Construction is underway on David Chipperfield Architect's Mughal Museum in Agra, India, near the Taj Mahal's eastern gate. Part of a larger Archohm-led masterplan, which includes the Taj Orientation Center and the Agra Heritage Center, the project will provide 5200-square-meters of permanent and temporary exhibition space entirely "dedicated to the history and culture of the Mughals, a dynasty that ruled over Northern India for over three centuries," says the practice.
Details on David Chipperfield's first large-scale residential project in New York has been revealed. The last development to take place at Bryant Park, The Bryant condominium tower will feature 57 one to four bedroom residences, including two triplex penthouses, on a boutique hotel at 16 West 40th Street. The HFZ Capital Group development was designed with Chipperfield's "intelligent simplicity," as the architects describe. Each residence will occupy a corner of the tower.
"While the fundamental concept of the ‘Nobelhuset’ remains the same, the building has been reduced significantly in size," says Chipperfield. "It now has a clearer division into a base, middle and top floor that relates to the surrounding structures on the Blasieholmen peninsula."
When news spread of Tracey Emin's plans to demolish a disused 1920s building in London's East End neighborhood, residents immediately objected. The artist, known for her conservation work in the area, has commissioned David Chipperfield to design a minimalist flat and studio on the site. However, despite the planning application's claim that the design will "greatly contribute to the character and appearance of the conservation area," the opposition isn't convinced.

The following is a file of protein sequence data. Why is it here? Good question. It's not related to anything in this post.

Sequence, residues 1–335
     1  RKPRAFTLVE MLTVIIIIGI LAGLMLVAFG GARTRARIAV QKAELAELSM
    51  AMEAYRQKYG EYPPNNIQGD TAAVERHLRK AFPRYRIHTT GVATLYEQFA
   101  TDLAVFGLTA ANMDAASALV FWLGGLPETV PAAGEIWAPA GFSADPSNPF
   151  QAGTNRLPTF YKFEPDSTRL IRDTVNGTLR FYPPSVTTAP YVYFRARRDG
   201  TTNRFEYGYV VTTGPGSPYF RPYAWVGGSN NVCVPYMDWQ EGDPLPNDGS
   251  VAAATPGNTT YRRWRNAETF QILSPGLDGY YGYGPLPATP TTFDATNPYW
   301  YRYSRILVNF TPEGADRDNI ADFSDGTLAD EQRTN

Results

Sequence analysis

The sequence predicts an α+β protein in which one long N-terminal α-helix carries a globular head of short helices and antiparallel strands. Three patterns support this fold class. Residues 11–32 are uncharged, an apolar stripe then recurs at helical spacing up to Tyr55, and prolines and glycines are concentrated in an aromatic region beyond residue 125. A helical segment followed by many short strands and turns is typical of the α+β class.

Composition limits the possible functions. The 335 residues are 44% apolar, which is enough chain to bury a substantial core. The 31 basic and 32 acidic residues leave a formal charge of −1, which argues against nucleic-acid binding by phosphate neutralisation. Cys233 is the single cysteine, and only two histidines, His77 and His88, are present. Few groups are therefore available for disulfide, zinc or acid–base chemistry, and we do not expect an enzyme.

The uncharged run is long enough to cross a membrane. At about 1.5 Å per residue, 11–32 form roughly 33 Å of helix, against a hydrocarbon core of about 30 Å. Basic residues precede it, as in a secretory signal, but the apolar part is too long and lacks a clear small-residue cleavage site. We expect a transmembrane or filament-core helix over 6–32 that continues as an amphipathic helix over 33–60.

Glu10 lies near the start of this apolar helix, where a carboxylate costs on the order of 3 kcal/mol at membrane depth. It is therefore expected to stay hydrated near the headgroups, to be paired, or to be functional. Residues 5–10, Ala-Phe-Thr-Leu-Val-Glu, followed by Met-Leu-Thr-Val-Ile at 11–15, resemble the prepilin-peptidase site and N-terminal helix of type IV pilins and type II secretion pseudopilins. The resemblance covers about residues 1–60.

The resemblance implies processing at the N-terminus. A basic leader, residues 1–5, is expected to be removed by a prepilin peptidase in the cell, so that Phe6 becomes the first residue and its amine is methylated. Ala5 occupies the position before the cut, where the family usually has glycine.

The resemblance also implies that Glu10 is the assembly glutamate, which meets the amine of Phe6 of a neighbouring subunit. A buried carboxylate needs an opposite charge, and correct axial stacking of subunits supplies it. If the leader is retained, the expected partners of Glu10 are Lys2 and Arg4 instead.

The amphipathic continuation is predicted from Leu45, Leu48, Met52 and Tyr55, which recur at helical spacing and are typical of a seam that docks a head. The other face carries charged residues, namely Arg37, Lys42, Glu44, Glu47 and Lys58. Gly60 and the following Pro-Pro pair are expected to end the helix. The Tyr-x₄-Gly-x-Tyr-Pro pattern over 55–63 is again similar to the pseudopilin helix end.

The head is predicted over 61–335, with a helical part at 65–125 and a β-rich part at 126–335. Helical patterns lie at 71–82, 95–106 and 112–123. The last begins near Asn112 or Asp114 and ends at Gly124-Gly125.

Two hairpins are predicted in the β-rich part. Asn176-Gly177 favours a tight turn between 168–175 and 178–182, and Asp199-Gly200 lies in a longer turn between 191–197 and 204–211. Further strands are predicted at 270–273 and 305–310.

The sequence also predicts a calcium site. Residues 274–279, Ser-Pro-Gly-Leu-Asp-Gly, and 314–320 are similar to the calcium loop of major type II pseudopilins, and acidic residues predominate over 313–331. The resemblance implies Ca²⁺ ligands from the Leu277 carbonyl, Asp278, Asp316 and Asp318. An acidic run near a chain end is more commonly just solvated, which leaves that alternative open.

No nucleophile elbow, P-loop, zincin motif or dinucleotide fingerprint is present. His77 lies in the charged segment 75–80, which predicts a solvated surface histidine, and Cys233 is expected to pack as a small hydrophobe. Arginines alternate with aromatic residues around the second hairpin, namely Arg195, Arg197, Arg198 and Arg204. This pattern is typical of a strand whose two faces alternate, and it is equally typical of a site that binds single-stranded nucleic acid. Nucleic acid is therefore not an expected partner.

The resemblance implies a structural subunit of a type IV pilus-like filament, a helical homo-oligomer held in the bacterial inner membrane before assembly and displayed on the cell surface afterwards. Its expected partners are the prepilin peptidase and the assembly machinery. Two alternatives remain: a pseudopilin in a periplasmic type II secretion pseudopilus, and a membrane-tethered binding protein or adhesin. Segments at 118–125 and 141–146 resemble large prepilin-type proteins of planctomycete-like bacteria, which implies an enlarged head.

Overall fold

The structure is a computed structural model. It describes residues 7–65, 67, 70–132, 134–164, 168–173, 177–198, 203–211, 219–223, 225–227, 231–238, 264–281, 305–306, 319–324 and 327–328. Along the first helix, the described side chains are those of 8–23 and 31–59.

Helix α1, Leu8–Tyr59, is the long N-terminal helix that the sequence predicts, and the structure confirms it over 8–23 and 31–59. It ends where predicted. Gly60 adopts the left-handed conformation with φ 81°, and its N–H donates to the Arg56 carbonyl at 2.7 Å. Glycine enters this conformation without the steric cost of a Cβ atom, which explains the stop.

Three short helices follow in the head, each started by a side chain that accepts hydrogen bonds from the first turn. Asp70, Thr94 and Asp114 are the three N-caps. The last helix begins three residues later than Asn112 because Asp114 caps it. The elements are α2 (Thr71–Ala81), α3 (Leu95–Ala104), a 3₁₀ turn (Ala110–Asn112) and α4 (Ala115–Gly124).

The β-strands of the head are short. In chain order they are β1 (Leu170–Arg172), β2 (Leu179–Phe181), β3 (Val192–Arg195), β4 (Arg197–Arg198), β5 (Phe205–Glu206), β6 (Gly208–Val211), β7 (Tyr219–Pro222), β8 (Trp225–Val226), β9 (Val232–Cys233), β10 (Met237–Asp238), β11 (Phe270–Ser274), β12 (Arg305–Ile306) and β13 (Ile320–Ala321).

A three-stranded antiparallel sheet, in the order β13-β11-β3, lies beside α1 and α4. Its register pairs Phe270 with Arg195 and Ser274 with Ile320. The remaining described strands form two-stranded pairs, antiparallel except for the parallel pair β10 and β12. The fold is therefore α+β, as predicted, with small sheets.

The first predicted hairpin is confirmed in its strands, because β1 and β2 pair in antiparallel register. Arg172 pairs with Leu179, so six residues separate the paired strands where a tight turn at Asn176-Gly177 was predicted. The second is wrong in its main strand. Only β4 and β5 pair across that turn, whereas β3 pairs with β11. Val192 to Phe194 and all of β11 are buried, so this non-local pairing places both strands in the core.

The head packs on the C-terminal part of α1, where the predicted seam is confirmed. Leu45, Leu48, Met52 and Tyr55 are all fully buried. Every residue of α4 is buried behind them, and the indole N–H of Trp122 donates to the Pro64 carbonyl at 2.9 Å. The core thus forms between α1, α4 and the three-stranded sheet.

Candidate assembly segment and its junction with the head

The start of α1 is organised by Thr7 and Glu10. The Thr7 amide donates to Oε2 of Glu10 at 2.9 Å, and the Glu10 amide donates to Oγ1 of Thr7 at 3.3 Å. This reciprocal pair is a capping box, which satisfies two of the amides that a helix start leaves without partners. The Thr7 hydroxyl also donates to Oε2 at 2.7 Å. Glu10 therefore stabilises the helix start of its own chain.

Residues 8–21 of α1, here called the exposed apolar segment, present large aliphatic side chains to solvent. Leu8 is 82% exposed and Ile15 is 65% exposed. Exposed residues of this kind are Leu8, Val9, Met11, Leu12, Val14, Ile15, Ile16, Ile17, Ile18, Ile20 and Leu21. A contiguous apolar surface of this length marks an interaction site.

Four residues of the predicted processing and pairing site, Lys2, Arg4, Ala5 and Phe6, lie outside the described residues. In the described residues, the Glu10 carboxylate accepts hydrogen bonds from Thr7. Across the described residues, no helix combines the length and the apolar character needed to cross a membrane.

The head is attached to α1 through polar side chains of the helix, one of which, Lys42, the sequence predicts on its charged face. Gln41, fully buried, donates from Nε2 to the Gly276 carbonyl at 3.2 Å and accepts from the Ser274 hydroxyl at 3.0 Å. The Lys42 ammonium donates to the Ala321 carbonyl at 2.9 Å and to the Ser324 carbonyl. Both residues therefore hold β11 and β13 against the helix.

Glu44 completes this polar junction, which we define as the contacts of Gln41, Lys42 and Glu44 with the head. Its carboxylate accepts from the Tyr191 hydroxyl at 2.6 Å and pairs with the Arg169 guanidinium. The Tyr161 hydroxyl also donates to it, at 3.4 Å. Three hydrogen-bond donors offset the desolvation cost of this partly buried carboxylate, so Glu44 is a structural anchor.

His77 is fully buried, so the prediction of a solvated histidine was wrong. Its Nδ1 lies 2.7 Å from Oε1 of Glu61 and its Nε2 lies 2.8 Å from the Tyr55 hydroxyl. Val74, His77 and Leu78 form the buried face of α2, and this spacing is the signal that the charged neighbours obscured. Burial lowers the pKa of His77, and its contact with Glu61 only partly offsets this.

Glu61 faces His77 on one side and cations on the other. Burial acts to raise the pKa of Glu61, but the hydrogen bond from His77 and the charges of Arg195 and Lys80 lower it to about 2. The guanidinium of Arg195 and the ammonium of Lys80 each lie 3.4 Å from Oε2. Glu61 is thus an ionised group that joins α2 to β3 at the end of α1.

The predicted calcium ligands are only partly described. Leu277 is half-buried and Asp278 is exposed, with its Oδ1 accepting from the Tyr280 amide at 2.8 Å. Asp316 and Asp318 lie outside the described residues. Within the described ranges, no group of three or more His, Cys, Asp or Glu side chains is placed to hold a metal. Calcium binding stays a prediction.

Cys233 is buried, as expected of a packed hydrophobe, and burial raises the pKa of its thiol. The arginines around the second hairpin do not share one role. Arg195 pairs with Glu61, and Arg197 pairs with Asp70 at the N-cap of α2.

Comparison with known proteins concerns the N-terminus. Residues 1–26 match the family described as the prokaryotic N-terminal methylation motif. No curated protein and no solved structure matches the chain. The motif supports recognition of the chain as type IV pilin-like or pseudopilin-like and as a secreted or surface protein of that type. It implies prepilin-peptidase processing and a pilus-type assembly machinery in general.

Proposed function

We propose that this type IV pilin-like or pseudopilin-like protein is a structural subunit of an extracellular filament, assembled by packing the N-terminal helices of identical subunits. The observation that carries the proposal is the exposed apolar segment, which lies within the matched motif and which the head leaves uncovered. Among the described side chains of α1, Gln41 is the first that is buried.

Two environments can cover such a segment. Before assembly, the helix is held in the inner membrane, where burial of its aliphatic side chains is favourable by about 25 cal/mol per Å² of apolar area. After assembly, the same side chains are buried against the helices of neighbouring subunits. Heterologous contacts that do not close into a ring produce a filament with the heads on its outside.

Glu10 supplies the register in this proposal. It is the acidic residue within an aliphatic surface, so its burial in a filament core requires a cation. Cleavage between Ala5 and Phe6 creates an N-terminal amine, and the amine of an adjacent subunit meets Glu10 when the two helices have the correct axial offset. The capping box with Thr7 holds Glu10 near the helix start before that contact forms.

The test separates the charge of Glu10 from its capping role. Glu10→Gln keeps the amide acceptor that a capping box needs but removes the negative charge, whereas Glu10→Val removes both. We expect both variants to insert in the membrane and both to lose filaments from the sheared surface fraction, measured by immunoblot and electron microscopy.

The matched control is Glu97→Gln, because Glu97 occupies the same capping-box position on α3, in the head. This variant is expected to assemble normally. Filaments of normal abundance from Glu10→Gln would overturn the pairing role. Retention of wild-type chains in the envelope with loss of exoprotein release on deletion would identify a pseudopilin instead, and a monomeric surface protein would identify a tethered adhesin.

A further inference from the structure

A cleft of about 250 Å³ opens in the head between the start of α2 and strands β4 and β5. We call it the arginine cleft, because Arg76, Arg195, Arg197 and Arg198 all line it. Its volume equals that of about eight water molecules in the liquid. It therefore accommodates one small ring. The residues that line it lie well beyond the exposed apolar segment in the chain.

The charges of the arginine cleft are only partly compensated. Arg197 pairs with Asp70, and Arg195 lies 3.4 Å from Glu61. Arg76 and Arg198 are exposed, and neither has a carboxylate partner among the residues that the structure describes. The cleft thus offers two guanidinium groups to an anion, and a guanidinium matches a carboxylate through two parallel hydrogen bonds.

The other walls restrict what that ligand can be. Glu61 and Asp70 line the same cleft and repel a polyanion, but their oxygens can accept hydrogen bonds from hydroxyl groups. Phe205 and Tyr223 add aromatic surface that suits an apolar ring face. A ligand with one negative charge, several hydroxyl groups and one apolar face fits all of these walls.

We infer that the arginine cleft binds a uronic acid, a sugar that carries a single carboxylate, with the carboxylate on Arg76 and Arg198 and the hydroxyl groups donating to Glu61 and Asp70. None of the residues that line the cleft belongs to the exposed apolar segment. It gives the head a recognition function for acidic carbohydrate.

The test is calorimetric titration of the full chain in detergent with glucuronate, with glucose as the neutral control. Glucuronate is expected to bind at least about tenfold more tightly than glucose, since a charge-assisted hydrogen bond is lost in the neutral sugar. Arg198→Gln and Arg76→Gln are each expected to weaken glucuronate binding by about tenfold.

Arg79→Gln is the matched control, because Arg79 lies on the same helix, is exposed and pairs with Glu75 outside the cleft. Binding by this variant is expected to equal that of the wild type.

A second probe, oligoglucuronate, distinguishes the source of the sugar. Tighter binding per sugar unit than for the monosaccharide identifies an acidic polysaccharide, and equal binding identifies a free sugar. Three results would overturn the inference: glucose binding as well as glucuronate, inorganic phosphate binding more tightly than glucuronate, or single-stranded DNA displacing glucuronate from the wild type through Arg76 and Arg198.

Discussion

“Tracey Emin is at present the owner of a locally listed building that is part of a historic streetscape of variety and charm,” said Save Britain's Heritage director Clem Cecil, who labeled Chipperfield's design "angular and blank." “She has done great conservation work with her other buildings nearby and this building deserves the same treatment.
"To make a luxury home that isn’t pompous or a projection of the vanity of its inhabitants is a really difficult thing," said judge Adam Caruso of Caruso St John. "Fayland House places a very large house in a special landscape without disappearing. The domestic outdoor spaces, which have always been an issue in English country houses, are in courtyards, which is an innovation."